“Never argue with a bus!” my Dad used to laugh. He was a bus driver in downtown Vancouver for more than 40 years, and he’d pretty much seen it all.
Other vehicles were always trying to outrun or outmaneuver his bus, sometimes to their peril. They weren’t thinking about the fact that a bus is a heck of a lot bigger and heavier, and that a small vehicle would not fare well if the two were to come into contact. All they could think about was getting ahead of the bus.
I was reminded of that the other day when I was in my car right behind a cyclist at a stop light. The cyclist didn’t gesture his intentions, but when the light turned green, he immediately fumbled his way out into the intersection and turned left in front of an oncoming car. All that cyclist was thinking about was beating the car.
Fortunately, the car driver saw what was happening just in time and hit the brakes. And honked.
In the last couple of years, especially since COVID-19 has come into play, there have been a lot more people out there cycling. It’s one of the few things a person can do these days that’s enjoyable and healthy. Unless you make a sudden left turn in front of an oncoming car, that is.
Cycling stores are literally running out of bikes because of the high demand. More and more bike lanes are being built, creating corridors into the downtown Victoria area.
Now, a lot of drivers will roll their eyes at the news of yet another bike lane. But I think they’re a good thing.
A few years ago, my husband and I were in Copenhagen in Denmark and I marveled at how co-operative and respectful cyclists and drivers were with each other. Pretty much every main road in Copenhagen has a bicycle lane with its own signs and signals. Drivers and cyclists alike know the rules and, for the most part, stick to them. Except for children, you don’t see too many people with bicycle helmets. Far fewer 2-wheel-versus-4-wheel incidents, I’d guess.
Cycling has been a big thing in Denmark since the 1880s, and these days, 9 out of 10 Danes own a bike. But it’s also a small country, and mostly flat. Victoria and Vancouver Island don’t have that advantage.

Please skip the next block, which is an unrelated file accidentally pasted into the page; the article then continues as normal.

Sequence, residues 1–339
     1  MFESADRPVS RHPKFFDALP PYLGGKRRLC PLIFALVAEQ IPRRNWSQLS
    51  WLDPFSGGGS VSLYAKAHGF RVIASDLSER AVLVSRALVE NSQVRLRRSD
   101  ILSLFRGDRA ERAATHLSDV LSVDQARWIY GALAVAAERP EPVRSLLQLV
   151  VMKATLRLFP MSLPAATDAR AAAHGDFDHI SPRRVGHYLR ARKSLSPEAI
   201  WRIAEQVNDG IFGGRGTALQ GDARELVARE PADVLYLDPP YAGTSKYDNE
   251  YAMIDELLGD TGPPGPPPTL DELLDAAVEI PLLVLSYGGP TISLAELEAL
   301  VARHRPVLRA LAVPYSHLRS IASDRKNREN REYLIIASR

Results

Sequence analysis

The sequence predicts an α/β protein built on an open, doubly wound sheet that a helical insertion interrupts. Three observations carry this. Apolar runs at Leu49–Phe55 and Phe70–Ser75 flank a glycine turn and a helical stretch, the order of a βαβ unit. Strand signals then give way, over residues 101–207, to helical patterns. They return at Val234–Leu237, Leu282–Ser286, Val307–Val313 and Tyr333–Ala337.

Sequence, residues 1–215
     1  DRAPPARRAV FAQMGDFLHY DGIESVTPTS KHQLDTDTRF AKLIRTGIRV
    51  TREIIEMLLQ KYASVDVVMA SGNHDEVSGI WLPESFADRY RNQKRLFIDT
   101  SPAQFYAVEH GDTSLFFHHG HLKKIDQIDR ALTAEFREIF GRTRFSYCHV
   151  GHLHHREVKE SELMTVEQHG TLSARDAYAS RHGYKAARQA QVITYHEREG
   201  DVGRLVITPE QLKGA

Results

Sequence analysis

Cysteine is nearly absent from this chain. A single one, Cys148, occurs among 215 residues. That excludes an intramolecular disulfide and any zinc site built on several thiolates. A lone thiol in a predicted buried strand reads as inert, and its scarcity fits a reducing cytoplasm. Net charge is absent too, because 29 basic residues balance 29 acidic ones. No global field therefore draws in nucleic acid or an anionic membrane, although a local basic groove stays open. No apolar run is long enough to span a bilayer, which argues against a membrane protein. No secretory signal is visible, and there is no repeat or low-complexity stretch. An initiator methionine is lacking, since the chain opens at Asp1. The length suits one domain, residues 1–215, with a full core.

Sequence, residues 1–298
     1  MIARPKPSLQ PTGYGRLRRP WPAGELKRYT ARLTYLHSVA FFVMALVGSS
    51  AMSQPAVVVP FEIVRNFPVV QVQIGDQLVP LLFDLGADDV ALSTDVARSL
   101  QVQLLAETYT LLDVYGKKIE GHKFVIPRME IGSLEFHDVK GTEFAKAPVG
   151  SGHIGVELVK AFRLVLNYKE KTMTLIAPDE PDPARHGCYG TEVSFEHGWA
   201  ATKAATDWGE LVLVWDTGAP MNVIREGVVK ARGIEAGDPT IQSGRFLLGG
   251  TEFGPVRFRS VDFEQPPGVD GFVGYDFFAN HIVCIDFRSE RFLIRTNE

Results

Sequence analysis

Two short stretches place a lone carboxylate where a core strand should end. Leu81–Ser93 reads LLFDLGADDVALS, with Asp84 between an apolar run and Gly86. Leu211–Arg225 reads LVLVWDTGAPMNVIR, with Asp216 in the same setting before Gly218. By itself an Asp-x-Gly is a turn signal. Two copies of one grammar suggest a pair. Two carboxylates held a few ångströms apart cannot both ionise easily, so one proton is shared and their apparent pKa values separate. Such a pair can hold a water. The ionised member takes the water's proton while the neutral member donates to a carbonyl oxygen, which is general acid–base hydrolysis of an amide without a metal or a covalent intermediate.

Back in the 1990s, like many families, we had a big van. For the most part I was used to its berth, but passing a cyclist was another matter. One day, long before cycle lanes had come to town, I had to pass a cyclist on a busy street. I got past him okay, and then came up to a red light.
Well, I guess he didn’t like how close I’d come to him when I passed. Or maybe it was something else. But he pulled his bike up along the sidewalk to the right of me as I sat at the light, came around to the front, and spat on the hood of the van. Have a good day.
To this day I still get nervous when I drive up behind a cyclist on a road with no bike lane. Especially on a certain stretch of Bay Street that is particularly narrow. I want to give them lots of room, but if the road is busy, that’s not easy to do. And then there’s the collection of cars coming up behind me to contend with. Sometimes they get impatient waiting for me to make up my mind and lean on the horn. Gimme a break.
Let’s face it; there are good and bad drivers, and the same goes for cyclists. But the reason we have rules for the road is so that nobody gets hurt in the process. And I’m going to need all of you drivers out there to pay attention and do your best.
Because, you see, I’m planning on getting myself a bike one of these days. Maybe a nice e-bike to give me some help up those hills. Because I’m old.
So I’ll need you all to be prepared for that stupid left turn I’m bound to make right in front of you.